The Hokkaido BBS for 2-Channel has moderators, which remove posts that mention anyone by name. Any personal names, zap! But that doesn’t seem to follow for the national version, which would have saved everyone a lot of bother in this case.

JMR: What was your reaction to the judgment by the Iwamizawa District Court?

DA: I was quite pleased, of course. Just about everything we asked for was granted. Most important to me, however, was the vindication that I had in fact been defamed. It wasn’t just me being oversensitive. Those posts hurt, not the least because I am quite careful about what I say, and I maintain a Web site quite assiduously to make sure people can keep my quotes straight. If people want to criticize me for what [I] say or do, ah well. That’s their prerogative.  But when that happens for things I didn’t say or do, then there’s nothing I can do except demonstrate beyond a shadow of a doubt to a credible third party that I’ve been misportrayed. That’s what the Iwamizawa District Court did, and I’m thankful.

JMR: 2-Channel’s Hiroyuki Nishimura has been sued for defamation by many others. Is your case any different? Has it set any precedent?

DA: According to my lawyers, the other cases involved concrete examples of financial damage inflicted on businesses which got slimed on the lists. They could actually show a monetary drop in business after a post. In my case, I am arguably a public figure whose reputation is getting damaged in less quantifiable ways. I mean, it’s hard for me to show a cash flow loss. The precedent set is that money doesn’t necessarily matter — it’s the goal of the defamatory post and the possibility for it to affect my “life’s work,” as I put it before the judge, of getting a law established against racial discrimination in Japan. The judge, thanks very much, ruled I had a case, and awarded me generously by Japanese standards. Appreciate it. Hopefully that will act as a deterrent to slimers and their media in future.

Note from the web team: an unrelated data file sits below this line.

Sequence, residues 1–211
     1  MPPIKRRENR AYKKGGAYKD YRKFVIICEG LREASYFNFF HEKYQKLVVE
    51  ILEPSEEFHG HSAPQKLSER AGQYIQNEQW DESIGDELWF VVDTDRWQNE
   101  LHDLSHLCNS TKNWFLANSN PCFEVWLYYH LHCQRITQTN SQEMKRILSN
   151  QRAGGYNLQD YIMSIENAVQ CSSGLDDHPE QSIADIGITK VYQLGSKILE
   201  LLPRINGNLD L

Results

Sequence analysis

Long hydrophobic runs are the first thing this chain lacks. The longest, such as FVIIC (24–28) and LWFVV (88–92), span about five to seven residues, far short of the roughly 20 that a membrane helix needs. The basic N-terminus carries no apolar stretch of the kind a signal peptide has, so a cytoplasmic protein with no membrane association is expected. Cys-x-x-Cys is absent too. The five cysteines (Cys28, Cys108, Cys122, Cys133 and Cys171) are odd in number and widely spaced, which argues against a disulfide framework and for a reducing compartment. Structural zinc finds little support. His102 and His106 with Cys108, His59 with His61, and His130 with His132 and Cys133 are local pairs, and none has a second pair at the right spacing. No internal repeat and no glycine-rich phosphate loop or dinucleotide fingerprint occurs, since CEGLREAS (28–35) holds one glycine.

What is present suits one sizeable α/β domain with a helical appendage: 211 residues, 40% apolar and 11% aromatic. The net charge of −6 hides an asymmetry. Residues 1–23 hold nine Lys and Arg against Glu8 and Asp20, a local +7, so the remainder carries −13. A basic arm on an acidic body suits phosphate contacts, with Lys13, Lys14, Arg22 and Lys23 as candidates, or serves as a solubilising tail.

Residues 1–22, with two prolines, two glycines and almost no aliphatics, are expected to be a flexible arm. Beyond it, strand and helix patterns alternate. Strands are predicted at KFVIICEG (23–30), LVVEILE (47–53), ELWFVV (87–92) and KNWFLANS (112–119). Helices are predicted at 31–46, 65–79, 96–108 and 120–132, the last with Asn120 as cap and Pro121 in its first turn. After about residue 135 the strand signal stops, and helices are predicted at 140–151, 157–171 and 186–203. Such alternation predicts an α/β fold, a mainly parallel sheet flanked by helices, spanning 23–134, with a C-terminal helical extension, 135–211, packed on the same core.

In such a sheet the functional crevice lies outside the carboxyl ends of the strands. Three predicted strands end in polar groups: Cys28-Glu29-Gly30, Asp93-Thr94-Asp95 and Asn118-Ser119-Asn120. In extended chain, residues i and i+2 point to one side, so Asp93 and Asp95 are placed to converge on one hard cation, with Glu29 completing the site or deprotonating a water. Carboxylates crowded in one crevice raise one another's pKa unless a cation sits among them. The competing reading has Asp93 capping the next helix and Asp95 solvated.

JMR: You have described 2-Channel as a “valuable forum for news, gossip, and information you cannot find in any of the established press.” But it is also rife with infringements of privacy (for instance, the identification of people in criminal cases who cannot be named legally) and, of course, defamation. On balance, how would you characterize its role as a part of the media world — specifically new media — in Japan?